American Survival Guide - - FIRST WORD - —Mike Mccourt

Hal­loween is on the cal­en­dar, so ev­ery­one knows it lands on the last day of ev­ery Oc­to­ber. Many Amer­i­cans be­gin plan­ning for it months, if not a year, in ad­vance. Mil­lions of com­pa­nies al­low, and some even en­cour­age, their em­ploy­ees to dec­o­rate their work spa­ces; and many spon­sor cos­tume and other com­pe­ti­tions to help liven the day whose ori­gin comes from an­cient at­tempts to ward off bad spir­its. Re­tail­ers and other con­sumer-fac­ing busi­nesses spend lots of time and money to fes­toon their pub­lic spa­ces with dec­o­ra­tive witches, ghosts, skele­tons and other sea­sonal trim­mings, as do count­less apart­ment-dwellers and home­own­ers.

Ac­cord­ing to a Na­tional Re­tail Foun­da­tion sur­vey from Septem­ber 2016, Amer­i­cans were ex­pected to spend a record $8.48 bil­lion on Hal­loween. Al­most 80 per­cent of the prepa­ra­tions for this hol­i­day were to be com­pleted by the mid­dle of Oc­to­ber, mean­ing that most of the es­ti­mated 171 mil­lion par­tic­i­pants would be ready well in ad­vance of the big day.

Hav­ing a big event oc­cur on the same day ev­ery year is a con­ve­nient and ef­fi­cient way to en­sure as much par­tic­i­pa­tion and prepa­ra­tion as pos­si­ble. It gives its in­ter­ested par­ties a spe­cific tar­get; and, be­cause the Hal­loween theme never changes, they all know what to ex­pect, so they’re ready when the big day ar­rives. It also doesn’t hurt that par­tic­i­pants con­sider this a fun and ex­cit­ing event, and most folks look for­ward to the prospect of get­ting sweet treats to help cel­e­brate the day.

Unfortunately, prep­pers don’t have the same lux­ury of hav­ing a spe­cific date on their cal­en­dars and know­ing the theme for the threat for which they’re pre­par­ing. It’s not as easy for us to make a tar­geted plan, ded­i­cate spe­cific re­sources and take ad­van­tage of huge sales on the gear and goods we’ll need. The fact that most sur­vival ra­tions aren’t es­pe­cially yummy and life-threat­en­ing in­ci­dents aren’t fun doesn’t make this sort of plan­ning ex­cit­ing for a lot of peo­ple.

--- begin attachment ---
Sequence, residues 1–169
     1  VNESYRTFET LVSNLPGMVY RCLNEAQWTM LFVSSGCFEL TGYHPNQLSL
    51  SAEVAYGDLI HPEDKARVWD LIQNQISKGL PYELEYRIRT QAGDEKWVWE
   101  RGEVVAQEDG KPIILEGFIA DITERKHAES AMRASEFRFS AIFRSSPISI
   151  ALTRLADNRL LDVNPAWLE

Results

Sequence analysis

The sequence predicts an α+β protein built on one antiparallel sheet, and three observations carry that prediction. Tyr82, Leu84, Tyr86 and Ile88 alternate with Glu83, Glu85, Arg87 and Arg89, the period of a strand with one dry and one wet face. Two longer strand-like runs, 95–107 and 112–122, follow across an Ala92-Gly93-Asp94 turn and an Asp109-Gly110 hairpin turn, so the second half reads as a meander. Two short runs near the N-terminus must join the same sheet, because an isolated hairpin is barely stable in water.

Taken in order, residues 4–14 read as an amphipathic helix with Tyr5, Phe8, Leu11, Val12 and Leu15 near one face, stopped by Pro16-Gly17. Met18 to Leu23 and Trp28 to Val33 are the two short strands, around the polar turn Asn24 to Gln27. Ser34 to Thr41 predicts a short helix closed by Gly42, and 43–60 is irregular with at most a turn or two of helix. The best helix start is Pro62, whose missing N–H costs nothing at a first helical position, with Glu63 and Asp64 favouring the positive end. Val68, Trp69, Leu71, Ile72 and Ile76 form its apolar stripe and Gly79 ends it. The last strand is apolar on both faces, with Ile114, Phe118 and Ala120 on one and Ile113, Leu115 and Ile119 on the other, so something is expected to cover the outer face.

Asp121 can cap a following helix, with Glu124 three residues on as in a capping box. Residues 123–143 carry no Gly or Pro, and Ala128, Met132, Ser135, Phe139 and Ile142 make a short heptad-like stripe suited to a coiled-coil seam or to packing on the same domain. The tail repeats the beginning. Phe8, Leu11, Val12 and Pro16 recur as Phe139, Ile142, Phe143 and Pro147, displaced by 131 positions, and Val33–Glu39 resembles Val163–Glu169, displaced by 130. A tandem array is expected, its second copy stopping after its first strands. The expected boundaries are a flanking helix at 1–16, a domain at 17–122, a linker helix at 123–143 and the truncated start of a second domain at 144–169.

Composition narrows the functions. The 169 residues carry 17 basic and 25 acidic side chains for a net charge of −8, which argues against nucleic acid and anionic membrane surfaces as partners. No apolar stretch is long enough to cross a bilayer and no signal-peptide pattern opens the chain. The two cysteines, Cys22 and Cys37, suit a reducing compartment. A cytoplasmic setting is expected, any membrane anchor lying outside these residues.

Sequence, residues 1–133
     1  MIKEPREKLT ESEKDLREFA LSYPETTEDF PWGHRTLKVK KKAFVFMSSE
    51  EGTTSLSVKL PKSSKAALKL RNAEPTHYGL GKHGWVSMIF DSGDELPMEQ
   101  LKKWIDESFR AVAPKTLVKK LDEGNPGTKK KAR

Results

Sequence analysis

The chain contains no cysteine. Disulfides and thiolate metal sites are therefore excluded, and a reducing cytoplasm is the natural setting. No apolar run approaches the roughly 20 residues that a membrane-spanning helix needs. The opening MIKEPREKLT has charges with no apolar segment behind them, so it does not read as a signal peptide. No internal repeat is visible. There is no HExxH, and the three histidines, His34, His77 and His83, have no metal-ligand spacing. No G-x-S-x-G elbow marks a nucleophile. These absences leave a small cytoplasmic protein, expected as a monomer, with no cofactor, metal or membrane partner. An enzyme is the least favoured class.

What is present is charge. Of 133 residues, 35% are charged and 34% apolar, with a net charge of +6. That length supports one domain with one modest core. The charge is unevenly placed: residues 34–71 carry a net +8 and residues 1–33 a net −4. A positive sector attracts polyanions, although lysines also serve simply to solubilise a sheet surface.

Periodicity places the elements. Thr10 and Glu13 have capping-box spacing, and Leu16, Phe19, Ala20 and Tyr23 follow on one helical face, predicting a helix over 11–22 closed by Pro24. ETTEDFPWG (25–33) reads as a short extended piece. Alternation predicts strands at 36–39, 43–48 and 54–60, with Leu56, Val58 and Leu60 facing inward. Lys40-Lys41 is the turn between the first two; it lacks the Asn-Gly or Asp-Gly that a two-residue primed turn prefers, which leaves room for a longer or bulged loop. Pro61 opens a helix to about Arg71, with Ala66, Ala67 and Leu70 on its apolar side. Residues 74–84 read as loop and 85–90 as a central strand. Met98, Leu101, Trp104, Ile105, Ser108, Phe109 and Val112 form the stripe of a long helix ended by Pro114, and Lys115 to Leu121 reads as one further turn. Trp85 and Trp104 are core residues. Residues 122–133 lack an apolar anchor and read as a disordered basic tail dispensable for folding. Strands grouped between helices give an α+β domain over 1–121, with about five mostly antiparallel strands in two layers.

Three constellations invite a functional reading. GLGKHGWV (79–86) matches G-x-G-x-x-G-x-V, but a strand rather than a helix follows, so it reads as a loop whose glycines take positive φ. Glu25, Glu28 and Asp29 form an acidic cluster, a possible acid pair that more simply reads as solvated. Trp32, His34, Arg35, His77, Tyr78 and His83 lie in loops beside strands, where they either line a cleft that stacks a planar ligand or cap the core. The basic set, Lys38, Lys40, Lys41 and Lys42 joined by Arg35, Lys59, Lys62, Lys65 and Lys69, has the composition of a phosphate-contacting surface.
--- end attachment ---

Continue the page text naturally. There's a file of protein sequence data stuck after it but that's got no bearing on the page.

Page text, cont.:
That’s why we need to do a lit­tle ev­ery day to en­sure that when the specter of doom knocks on our door, we’re ready with more than a few can­dies and a flash­light with dead bat­ter­ies.

This is the trick to be­ing pre­pared. Just as Hal­loween par­tic­i­pants don’t gather all their ac­cou­trements and treats at one time, we need to take in­cre­men­tal, but pur­pose­ful, steps to at­tain the goals we’ve set to pro­tect our­selves and our loved ones from the dan­gers we feel are the most likely to come our way. Be­cause many of the skills and stores we need to ac­crue will serve us in mul­ti­ple sur­vival sce­nar­ios, we will have the flex­i­bil­ity of be­ing able to ad­dress mul­ti­ple threats with a core set of sup­plies and knowl­edge. Con­cen­trat­ing on those el­e­ments first will help us ac­cel­er­ate our level of preparedness.

The treat comes when you have been able to en­dure hard times—maybe even truly hor­rific events—and be able to thrive on your own or with your fam­ily or sur­vival group. While there might be a huge sense of loss and po­ten­tially un­par­al­leled changes to your way of life, you will have a pro­found sense of pride, val­i­da­tion and ap­pre­ci­a­tion that your ef­forts re­sulted in the preser­va­tion of your life and the lives of those clos­est to you.

It might not be a bucket full of choco­late bars, an award for your Elvis cos­tume, eye­ball hors d’oeu­vres or the shame­less glee of scar­ing the stuff­ing out of your boss. But be­ing able to en­dure a nat­u­ral or man­made melt­down, as well as over­come the bad spir­its of a life-threat­en­ing event, is pretty cool, too.

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